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A debugger is a program which is used together with another program (the one being 'debugged') to find faults in the other program. They can be used on machines without an operating system, in which case the debugger has to share the machine with the program being debugged; on systems which support processes, generally the debugger is in one process, and the program being debugged is in another.

Simple debuggers only allow the programmer to examine the program after it has failed; look and see what was in the CPU's registers, main memory locations, etc. Use of a symbol table allows memory locations to be selected by their name in the program, instead of the programmer having to work out their numeric addresses.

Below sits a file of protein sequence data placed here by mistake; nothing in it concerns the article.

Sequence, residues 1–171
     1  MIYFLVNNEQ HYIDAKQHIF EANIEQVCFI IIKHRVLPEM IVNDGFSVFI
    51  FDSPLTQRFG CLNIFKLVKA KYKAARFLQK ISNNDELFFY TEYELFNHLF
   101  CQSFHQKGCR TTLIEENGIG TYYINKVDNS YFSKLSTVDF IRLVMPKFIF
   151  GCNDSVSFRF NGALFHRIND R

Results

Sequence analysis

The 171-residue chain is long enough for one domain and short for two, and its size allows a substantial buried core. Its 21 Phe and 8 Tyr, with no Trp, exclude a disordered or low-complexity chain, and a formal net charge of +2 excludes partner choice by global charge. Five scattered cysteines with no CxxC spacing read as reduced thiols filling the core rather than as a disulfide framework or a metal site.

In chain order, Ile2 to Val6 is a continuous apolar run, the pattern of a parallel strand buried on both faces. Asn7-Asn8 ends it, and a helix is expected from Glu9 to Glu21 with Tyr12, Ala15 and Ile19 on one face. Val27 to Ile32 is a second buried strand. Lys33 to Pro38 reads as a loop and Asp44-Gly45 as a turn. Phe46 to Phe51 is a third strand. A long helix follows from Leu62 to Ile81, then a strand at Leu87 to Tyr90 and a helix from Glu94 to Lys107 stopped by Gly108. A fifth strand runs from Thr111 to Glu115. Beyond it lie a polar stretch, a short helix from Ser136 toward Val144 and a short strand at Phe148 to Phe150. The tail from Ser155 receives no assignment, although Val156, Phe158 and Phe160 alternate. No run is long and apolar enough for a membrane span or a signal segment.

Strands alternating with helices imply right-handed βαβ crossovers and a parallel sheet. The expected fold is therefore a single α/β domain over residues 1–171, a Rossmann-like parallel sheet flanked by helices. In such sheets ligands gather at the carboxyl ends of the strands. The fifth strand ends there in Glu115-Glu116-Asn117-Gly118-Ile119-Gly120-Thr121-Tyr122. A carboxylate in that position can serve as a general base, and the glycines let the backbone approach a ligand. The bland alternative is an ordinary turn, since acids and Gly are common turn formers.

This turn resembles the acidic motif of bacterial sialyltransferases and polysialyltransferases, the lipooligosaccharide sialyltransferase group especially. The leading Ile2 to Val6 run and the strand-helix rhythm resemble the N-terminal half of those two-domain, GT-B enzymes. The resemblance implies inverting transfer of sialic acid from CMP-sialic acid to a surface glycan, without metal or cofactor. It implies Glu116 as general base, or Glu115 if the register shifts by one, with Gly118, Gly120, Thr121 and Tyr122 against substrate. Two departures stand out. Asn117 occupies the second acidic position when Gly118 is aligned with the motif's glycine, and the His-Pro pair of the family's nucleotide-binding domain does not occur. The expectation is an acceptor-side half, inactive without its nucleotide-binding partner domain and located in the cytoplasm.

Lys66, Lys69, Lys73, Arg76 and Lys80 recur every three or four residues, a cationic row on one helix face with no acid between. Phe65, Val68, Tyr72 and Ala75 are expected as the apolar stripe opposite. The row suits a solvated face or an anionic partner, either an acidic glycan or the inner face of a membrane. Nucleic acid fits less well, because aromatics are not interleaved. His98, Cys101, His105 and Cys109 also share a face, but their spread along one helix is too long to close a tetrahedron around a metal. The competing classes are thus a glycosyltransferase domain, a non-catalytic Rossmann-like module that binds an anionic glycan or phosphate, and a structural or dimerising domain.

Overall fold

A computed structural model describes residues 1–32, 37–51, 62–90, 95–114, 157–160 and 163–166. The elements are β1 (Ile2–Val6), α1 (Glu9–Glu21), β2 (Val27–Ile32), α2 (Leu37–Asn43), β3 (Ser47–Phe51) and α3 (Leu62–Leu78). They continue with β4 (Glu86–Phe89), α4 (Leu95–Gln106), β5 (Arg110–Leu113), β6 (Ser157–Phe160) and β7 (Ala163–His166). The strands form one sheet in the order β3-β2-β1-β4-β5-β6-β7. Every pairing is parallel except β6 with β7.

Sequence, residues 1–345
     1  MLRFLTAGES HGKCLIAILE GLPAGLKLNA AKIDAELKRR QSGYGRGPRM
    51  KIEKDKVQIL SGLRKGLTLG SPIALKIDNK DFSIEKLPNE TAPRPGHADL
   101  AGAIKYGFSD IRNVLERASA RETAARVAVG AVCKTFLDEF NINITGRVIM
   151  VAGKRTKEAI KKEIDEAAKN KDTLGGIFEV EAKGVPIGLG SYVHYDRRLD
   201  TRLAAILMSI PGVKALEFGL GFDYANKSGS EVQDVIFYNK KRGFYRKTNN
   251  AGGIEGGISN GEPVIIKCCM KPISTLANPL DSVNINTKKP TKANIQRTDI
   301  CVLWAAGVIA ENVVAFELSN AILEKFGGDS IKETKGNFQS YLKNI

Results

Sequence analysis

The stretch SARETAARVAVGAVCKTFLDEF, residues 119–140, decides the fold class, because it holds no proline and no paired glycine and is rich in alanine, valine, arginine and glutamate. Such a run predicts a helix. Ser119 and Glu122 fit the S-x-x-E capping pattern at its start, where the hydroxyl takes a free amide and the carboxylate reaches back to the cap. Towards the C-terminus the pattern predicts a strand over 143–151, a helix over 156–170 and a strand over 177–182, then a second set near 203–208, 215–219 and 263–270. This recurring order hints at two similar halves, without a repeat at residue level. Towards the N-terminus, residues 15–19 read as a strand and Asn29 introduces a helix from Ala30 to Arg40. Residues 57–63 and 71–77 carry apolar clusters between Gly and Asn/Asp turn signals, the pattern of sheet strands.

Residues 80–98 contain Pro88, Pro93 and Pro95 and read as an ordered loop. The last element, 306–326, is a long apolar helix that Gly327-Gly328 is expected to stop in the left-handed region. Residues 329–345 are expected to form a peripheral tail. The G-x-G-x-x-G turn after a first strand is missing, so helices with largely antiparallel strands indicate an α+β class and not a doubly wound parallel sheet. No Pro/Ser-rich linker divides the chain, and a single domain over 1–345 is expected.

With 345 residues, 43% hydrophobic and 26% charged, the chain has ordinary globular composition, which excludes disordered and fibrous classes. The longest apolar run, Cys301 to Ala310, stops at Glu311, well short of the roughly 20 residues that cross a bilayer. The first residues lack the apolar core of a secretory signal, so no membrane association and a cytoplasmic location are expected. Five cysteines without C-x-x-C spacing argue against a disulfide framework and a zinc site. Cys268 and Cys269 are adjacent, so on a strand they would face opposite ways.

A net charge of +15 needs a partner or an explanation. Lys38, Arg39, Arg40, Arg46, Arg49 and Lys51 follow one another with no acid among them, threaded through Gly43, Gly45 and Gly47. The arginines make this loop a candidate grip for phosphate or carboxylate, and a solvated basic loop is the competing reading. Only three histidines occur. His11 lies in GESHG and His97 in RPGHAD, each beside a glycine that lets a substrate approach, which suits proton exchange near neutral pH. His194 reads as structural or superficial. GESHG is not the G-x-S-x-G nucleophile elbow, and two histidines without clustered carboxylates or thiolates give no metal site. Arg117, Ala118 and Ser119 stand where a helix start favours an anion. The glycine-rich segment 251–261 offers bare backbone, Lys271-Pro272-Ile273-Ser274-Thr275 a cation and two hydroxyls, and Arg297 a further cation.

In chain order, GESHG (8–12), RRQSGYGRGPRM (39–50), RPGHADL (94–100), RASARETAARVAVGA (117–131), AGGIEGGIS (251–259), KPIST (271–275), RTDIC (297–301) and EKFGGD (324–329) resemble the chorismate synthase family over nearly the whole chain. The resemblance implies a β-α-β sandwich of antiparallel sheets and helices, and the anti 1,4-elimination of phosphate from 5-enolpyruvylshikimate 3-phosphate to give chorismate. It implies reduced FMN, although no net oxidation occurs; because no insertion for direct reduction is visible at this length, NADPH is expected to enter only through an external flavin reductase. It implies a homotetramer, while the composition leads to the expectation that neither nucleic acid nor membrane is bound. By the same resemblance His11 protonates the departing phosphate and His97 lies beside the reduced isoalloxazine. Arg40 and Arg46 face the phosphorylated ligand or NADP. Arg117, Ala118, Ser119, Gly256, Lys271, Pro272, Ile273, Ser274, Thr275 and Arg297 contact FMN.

These debuggers often operate on a core dump, where the operating system stores the contents of a process' address space, etc on secondary storage when the process hits a trap, or at the request of the user.

More powerful debuggers allow the program to be debugged to be started, and as it runs, the capabilities of the debugger are used to watch the program run. Such debuggers contain a number of tools which are used to do this:

  • The ability to install breakpoints, which are places in the program which, when execution reaches that instruction, the program stops running, so the debugger can examine registers, memory, etc.
  • Single-stepping, where the CPU executes a single instruction of the program, and then returns control to the debugger.

Originally, debuggers operated at the assembly language level, but debuggers can now operated at the higher-level programming language level.